The time has come. A new wave of portable gaming has arrived.
Nintendo’s hedged their bets on another gimmick (glasses-free 3D) atop their old gimmick (dual screens). Sony’s got their eyes on the horizon with the portable “Vita”. Additionally, Sony has dipped their toes in the smartphone market with the “Xperia Play” and announced two tablets in the “Sony S1″ and “Sony S2.” Finally, we have the newest rival in the portable market, Apple, with their iOS devices, including the iPod Touch, iPhone4, and iPad2 with the iPhone5 scheduled for September.
Who will win? What do we expect from the future of portable gaming? And what do we learn about ourselves along the way?
First off, let’s address the elephant in the room. As you guys are well aware, I’m a typical Nintendo nerd. However, between the region-locking of the device and the fact that it’s not out in Korea, I haven’t gotten one. Not that the software is that compelling thus far, but I do have a soft spot for Nintendogs and a hard one for Street Fighter.
So, have any of you actually gotten your grubbies on one of these, yet?
Regarding handhelds, I’ve learned a strong lesson from Nintendo: wait for the second-gen hardware. I got burned on the GBA and again on the DS, then finally got it right by waiting for a PSP 2000, although the improvements there were far smaller than with the Nintendo systems. What this means is that I’ll have additional time to see how it plays out, because I won’t be getting either a 3DS or a Vita anytime soon. When it does come time to choose which one to pick up first, it will depend on which one is the earliest to get a second generation, the library of games, the additional functionalities the system offers, and the price. I’d prefer not to pay more than $200 for either one.
Let it be noted that I’m not really interested in the 3DS for its 3D capabilities. I’m just excited that there’ll be a more powerful version of the DS, hopefully with a library that has as many gems as that of the DS.
As for who will win, well, I don’t really care. I didn’t care when it was Nintendo vs. Sega or when it was PS2 vs. Xbox vs. GameCube. I don’t care about who wins in the current gen of consoles and I don’t care about the new handheld war. I care about good games on well-done systems, so I follow them wherever they go, within the confines of not spending a ton of money on video games overall.
I only have a few expectations about the future of portable gaming: The systems will continue to get more powerful with more functionality and digital distribution will play an increasingly larger role.
I haven’t had the chance to use any iOS devices, but I could possibly be convinced to get one if the system and game library were sufficiently impressive compared to the second-gen 3DS and Vita.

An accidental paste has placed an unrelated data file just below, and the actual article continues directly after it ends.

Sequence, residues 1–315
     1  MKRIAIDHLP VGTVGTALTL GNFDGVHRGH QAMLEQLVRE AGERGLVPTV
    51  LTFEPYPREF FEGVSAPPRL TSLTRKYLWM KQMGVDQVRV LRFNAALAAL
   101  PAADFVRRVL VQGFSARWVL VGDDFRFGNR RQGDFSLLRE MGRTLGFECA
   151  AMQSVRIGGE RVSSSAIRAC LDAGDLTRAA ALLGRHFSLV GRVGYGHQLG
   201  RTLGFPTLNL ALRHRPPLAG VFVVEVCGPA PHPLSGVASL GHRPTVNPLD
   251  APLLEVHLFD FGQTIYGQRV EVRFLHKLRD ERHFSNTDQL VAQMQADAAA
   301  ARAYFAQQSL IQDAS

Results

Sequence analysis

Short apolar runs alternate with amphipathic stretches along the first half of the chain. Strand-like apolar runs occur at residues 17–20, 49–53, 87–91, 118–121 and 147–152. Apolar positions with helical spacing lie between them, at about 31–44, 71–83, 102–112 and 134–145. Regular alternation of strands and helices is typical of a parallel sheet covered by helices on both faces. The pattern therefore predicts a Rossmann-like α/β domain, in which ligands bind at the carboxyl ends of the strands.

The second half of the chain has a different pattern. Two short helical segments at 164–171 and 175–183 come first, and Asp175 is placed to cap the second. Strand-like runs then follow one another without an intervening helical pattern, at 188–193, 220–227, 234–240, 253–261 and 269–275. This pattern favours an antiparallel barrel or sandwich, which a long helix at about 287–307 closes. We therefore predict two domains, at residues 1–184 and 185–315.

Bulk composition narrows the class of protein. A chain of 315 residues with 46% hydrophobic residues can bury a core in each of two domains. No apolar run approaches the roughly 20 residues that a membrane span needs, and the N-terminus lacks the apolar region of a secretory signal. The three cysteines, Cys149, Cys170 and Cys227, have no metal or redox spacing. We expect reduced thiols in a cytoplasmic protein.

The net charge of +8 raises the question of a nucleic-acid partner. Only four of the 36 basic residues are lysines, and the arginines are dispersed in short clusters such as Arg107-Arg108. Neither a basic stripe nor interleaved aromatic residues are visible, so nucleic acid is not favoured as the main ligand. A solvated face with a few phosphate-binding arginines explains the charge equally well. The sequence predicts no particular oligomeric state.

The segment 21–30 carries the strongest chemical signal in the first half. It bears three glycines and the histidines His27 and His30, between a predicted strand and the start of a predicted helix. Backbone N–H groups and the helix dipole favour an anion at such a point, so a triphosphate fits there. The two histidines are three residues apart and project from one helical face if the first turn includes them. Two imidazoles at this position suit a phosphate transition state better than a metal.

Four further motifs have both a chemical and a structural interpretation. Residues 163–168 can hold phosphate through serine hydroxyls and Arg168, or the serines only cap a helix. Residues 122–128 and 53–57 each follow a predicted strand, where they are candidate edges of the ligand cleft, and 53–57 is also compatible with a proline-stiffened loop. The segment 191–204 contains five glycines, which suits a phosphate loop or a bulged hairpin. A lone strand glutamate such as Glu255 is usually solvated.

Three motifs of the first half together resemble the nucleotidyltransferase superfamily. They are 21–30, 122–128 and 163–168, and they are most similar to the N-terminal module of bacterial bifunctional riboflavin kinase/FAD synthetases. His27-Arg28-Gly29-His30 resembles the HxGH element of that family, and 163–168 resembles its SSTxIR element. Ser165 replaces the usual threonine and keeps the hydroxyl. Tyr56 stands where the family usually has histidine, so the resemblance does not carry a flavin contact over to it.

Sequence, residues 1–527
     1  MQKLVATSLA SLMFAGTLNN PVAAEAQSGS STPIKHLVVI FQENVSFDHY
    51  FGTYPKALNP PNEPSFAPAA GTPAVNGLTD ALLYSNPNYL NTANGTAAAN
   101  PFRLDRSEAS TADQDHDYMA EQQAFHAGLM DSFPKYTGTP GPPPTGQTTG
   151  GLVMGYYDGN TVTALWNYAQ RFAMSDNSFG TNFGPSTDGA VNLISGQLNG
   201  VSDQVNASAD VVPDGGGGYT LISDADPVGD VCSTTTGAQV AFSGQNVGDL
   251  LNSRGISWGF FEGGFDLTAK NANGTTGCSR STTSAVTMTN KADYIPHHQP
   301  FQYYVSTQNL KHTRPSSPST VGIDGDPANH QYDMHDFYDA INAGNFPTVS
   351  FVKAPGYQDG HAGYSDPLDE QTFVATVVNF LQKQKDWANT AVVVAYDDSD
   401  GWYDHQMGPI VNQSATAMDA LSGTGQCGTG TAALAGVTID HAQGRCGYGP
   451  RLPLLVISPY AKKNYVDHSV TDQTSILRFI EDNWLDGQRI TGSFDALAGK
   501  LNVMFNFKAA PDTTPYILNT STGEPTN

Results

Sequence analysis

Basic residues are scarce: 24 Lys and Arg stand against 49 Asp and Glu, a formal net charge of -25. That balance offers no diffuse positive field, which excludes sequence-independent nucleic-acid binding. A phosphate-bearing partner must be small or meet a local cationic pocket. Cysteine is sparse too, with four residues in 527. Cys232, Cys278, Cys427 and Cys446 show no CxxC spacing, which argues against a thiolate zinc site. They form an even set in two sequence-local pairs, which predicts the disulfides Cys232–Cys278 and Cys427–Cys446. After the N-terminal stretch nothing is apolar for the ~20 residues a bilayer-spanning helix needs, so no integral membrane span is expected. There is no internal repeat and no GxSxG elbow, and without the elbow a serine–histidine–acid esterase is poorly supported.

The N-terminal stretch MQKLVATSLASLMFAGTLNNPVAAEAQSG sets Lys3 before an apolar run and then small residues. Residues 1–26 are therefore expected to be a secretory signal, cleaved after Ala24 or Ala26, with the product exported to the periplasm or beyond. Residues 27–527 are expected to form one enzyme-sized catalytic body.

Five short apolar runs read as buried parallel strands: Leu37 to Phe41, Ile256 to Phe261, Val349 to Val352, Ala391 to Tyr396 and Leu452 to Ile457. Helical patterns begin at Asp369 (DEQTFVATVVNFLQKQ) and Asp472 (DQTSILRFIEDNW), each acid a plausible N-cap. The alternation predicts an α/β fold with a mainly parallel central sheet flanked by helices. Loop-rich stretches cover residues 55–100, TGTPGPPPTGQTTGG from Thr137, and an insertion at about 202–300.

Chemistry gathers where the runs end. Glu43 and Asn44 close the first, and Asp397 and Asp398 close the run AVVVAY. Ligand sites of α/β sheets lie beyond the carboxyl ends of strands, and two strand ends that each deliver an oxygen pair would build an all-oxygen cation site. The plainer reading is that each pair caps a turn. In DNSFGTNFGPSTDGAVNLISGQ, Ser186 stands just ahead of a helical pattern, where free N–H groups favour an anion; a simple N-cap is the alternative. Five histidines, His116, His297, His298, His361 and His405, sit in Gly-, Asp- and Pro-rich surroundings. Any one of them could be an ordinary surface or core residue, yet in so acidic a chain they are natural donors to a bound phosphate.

Nintendo and Sony both lost massive ground in the portable market, and I’ve made tons of purchases on my iPhone. I hate that I have to use virtual controls most of the time, but are we seeing a sea change? It’s hard to beat ninety-nine cents. Electronic Arts sell most of their library for $4.99 and under…
Yeah, I definitely think that Apple’s app store is a disruptive force to traditional game companies, but I’m totally fine with it. Competition drives better systems and games. Cheaper app-type games force the traditional companies to be more innovative, to create deeper experiences that can’t be found in games like Angry Turds.
But there’s room for a whole spectrum of games, from the nibble-sized games like Angry Birds to the 70-hour old-school fun-but-weak-on-story games like Blue Dragon to the highly story-driven games like Heavy Rain. Competition in terms of an increasingly saturated game market means that the developers of shittier titles won’t stay in business to create additional shitty titles, ideally causing a natural separation of chaff and wheat. Perhaps that’s just a long-time gamer’s wish, though, and all this simply means that there will be an ever-increasing number of derp-fest games on the market.
I hear you on the pricing. $1 for a game is freaking sweet… the cheapest I usually see stuff on the PlayStation Store for the PSP is $4.
The iPhone is, literally, a game changer for the handheld market. Those one dollar games? They aren’t forcing traditional companies to create deeper experiences than Angry Birds; on the contrary, they’re demonstrating why competitors should adopt their formula. Those games are insanely inexpensive to create by comparison and turn a much greater profit, and unlike the shovelware of the DS era, are actually fun to play.
At this point, if I could have any of the handheld gaming systems both current and on the horizon, I’d take an iPhone 5; my only regret would be the lack of tactile controls. On that note, I’m interested to see if the Xperia focuses on App style games or tries to be another core gamer device like the PSP. Personally I think they should mimic Apple. There will always be an audience for the hardcore experience of the 3DS and Vita, but that audience will transition in time as more time-starved core gamers slip into casual trappings. Mobile App games are where it’s at right now.